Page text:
Beyond Bloom Filters: Approximate Representations of Concurrent State Machines (and Some New Constructions for Bloom Filters)
About the talk:
Many networking applications require fast state lookups in a concurrent state machine, which tracks the state of a large number of flows simultaneously. We consider the question of how to compactly represent such concurrent state machines. To achieve compactness, we consider data structures for Approximate Concurrent State Machines(ACSMs) that can return false positives, false negatives, or a ``don't know'' response, a generalization of the standard notion of Bloom Filters. We describe three techniques based on Bloom filters and hashing, and evaluate them using both theoretical analysis and simulation. Our analysis leads us to an extremely efficient hashing-based scheme with several parameters that can be chosen to trade off space, computation, and the impact of errors. Our hashing scheme can also be used to provide an alternative structure with the same functionality and nearly the same complexity as a counting Bloom filter but that uses much less space. For example, for a 1\% false positive rate, our structure uses roughly half the space of a counting Bloom filter. We explain how ACSMs can be used for applications such as video congestion control and real-time detection of P2P traffic. Along the way, we'll find some new constructions of Bloom filters that are more efficient for reasonable parameters and well-suited for hardware implementation.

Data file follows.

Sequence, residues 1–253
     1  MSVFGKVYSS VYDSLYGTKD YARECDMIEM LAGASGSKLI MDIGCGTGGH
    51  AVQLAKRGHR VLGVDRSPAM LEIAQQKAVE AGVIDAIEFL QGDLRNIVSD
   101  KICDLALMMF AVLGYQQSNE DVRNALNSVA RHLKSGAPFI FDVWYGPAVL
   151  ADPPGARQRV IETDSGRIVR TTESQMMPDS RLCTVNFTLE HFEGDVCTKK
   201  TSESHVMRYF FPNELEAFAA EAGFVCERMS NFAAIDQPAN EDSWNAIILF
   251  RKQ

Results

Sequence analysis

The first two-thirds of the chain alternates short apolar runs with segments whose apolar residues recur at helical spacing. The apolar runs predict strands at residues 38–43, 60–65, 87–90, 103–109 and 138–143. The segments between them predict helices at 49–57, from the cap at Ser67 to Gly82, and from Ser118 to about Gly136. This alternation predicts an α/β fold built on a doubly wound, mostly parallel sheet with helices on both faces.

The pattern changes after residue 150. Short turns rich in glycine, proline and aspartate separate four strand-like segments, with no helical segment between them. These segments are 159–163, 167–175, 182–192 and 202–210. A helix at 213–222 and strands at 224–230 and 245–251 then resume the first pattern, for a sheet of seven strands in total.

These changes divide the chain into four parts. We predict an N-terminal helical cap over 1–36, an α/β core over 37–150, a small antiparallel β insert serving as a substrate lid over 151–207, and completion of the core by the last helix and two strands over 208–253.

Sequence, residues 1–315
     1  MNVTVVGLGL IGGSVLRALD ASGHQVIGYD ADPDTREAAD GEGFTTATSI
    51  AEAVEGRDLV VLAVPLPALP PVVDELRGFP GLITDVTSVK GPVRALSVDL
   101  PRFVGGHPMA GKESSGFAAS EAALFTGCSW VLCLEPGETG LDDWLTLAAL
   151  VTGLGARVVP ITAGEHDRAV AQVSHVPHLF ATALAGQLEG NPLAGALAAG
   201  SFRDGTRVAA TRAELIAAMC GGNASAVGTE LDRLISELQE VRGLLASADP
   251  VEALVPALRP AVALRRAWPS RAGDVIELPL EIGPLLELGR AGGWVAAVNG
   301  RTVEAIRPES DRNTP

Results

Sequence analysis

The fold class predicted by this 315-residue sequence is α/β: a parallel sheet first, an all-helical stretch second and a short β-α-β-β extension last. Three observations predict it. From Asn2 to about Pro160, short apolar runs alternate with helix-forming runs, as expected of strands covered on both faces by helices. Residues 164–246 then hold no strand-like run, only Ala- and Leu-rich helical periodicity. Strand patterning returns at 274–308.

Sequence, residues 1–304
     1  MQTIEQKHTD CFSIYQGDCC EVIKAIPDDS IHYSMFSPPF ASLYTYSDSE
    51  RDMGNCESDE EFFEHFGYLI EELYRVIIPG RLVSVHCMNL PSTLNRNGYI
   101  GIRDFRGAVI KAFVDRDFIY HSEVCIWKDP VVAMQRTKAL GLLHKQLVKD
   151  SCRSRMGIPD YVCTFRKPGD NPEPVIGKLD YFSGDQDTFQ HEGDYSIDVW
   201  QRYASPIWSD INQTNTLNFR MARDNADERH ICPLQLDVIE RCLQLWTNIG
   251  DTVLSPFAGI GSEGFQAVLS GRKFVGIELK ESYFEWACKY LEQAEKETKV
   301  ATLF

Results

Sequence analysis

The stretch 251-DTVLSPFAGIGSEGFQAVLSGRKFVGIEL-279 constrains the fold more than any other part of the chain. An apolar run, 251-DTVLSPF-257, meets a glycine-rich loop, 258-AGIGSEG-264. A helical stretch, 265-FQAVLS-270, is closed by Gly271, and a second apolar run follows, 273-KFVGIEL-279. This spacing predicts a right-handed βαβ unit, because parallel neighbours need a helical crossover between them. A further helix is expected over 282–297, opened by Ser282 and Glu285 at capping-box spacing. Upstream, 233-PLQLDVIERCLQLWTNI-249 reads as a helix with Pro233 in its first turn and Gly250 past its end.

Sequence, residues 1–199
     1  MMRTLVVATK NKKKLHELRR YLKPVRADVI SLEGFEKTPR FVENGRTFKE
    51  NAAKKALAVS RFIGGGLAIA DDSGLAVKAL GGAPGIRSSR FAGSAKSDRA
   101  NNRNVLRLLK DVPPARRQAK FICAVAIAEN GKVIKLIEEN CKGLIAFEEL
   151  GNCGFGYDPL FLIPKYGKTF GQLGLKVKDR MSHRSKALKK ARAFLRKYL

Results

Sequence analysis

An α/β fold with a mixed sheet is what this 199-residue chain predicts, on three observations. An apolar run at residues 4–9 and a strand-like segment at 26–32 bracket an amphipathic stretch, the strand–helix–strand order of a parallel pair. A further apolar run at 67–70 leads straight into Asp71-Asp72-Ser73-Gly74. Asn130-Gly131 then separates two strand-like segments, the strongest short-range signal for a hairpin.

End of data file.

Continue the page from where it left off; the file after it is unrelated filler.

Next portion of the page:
Joint work with Flavio Bonomi, Rina Panigrahy, Sushil Singh, George Varghese
About the speaker:
Michael Mitzenmacher is a Professor of Computer Science in the Division of Engineering and Applied Sciences at Harvard University. Michael has authored or co-authored over 100 conference and journal publications on a variety of topics, including Internet algorithms, hashing, load-balancing, erasure codes, error-correcting codes, compression, bin-packing, and power laws. His work on low-density parity-check codes shared the 2002 IEEE Information Theory Society Best Paper Award. His first textbook on probabilistic techniques in computer science, co-written with Eli Upfal, was published in 2005 by Cambridge University Press.
Michael Mitzenmacher graduated summa cum laude with a degree in mathematics and computer science from Harvard in 1991. After studying math for a year in Cambridge, England, on the Churchill Scholarship, he obtained his Ph. D. in computer science at U.C. Berkeley in 1996. He then worked at Digital Systems Research Center until joining the Harvard faculty in 1999.